The colon, also referred to as the large intestine, plays a crucial role in our health. As food goes through the colon, salt and liquid are eliminated to prepare it for removal.
Colon cancer has been in the news after the International Agency for Research on Cancer (IARC), concluded in late 2015 that processed meat can cause colon cancer in human and classify it as a Group 1 carcinogen.
The good news is that colon cancer can be prevented through the following lifestyle factors for up to 50%.
Top Tips for Colon Cancer Prevention
1. Eat More Vegetables and Some Fruits
Vegetables contain antioxidants and disease-fighting compounds like magnesium. It has been scientifically shown that for every 100-milligram increase in magnesium, the risk of colon cancer decreased by 12%.In addition to magnesium, phytochemicals found in veggies can remove carcinogens and reduce inflammation.
Cruciferous veggies are especially beneficial due to their sulforaphane content. This compound has been found to stop the growth of colon cancer-derived tumors.
2. Eat More Fiber
Dietary fiber has been linked with a decreased risk of colorectal cancer, particularly distal colon cancer and colorectal adenoma. For every 10 grams of fiber, the risk of colon cancer decreases by 10%.
A 2005 study revealed that dried plums “favorably altered … colon cancer risk factors” in rats, possibly due to their high content of dietary fiber and polyphenolics.
3. Optimize Your Vitamin D Levels
Vitamin D positively affects the immune system, which helps keep the growth of cancer tumors in check. According to researchers:
“Evidence suggests protective effects of vitamin D and antitumour immunity on colorectal cancer risk.
Immune cells in tumour microenvironment can convert 25-hydroxyvitamin D [25(OH)D] [vitamin D] to bioactive 1α,25-dihydroxyvitamin D3, which influences neoplastic and immune cells
… High plasma 25(OH)D level is associated with lower risk of colorectal cancer with intense immune reaction, supporting a role of vitamin D in cancer immunoprevention through tumour–host interaction.”
4. Avoid Processed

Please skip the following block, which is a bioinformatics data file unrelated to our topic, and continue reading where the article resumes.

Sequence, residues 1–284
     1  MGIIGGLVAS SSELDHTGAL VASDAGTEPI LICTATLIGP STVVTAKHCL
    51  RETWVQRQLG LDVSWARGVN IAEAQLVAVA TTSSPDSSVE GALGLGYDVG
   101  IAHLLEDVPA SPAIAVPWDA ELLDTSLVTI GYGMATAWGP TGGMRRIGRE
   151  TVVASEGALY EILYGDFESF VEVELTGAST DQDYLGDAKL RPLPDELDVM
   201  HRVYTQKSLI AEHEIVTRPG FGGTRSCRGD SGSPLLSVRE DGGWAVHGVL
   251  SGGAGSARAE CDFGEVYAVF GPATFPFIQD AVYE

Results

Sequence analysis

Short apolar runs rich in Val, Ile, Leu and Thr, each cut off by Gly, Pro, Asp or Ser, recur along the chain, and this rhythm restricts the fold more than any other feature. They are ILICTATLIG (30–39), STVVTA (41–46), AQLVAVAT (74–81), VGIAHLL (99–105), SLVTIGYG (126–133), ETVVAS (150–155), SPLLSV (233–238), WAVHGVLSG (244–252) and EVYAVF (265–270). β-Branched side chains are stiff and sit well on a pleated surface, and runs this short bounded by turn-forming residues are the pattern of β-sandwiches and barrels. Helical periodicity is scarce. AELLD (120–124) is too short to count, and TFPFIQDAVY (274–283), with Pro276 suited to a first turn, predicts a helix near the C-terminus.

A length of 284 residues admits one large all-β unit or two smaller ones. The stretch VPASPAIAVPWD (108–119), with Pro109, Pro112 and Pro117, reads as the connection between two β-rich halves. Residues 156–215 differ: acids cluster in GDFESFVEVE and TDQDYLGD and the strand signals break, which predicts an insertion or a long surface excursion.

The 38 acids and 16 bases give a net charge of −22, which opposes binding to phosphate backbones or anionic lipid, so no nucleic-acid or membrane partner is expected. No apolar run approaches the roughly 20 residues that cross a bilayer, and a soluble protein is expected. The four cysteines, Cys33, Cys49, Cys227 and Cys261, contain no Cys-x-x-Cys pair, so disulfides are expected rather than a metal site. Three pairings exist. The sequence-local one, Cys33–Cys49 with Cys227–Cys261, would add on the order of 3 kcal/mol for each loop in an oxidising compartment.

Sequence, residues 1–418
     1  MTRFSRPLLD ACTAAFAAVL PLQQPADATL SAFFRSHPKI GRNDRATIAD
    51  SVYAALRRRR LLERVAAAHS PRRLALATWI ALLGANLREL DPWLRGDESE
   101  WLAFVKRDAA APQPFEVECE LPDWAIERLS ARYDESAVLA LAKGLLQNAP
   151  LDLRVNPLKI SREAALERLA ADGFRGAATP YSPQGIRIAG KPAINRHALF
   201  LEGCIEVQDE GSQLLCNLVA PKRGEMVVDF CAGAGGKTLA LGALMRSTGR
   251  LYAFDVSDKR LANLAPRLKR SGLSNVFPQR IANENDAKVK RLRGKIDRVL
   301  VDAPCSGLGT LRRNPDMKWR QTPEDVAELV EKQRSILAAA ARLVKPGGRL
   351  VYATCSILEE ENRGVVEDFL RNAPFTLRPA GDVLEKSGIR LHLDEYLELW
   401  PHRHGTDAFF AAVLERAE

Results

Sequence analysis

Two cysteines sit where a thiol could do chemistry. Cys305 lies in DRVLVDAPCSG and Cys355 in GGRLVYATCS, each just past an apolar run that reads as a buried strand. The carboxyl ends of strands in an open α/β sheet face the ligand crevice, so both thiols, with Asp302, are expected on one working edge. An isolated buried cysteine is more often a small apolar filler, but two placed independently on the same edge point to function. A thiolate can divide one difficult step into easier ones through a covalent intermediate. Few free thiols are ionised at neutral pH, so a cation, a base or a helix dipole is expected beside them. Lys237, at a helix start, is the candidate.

Processed meats like salami, hot dogs, bacon, ham, sausages, and hamburgers contain nitrates, compounds which are quite concerning. They are converted into nitrosamines, which are linked to an increased risk of certain cancers. AICR warns that “there is no safe threshold” for eating processed meats.
5. Be Knowledgeable About Red Meat Consumption
It has been scientifically shown that those who eat the most red meat are at 24% higher risk of colon cancer compared to those who eat the least. The problem with red meat is the way it is cooked and the source it comes from. For example, grass-fed beef contains cancer-fighting compounds.
Red meat that is fried, barbecued ( cooked at high temperatures in general) is likely to contain carcinogens such as heterocyclic amines (HCAs) and polycyclic aromatic hydrocarbons (PAHs).
Exercising on a regular basis notably reduces the risk of colon cancer. According to one study, active individuals have 30-40% reduction in their colon cancer risk compared to inactive individuals.
Exercise lowers insulin levels, which is one of the best way to reduce cancer risk. Certain studies even suggested that exercise triggers apoptosis, causing the cancerous cells to die.
7. Maintain a Healthy Weight
Obesity has been associated with higher risk for a couple of cancers, including colon cancer. According to a 2014 study which analyzed data from over 5 million people, every 11-pound increase in body weight led to an increased risk for ten type of cancer.
8. Limit Your Alcohol Intake and Quit Smoking
Both of these habits are linked to an increased risk of colon cancer. When it comes to alcohol, moderate alcohol intake involves 1 ounce of hard liquor, a 12-ounce beer, or a 5-ounce glass of wine with a meal daily.
9. Eat Garlic
People who eat a lot of raw garlic have a lower risk of colorectal and stomach cancers. In addition, among those with inoperable forms of colon, pancreatic, or liver cancer, taking garlic for six months led to improved immune function.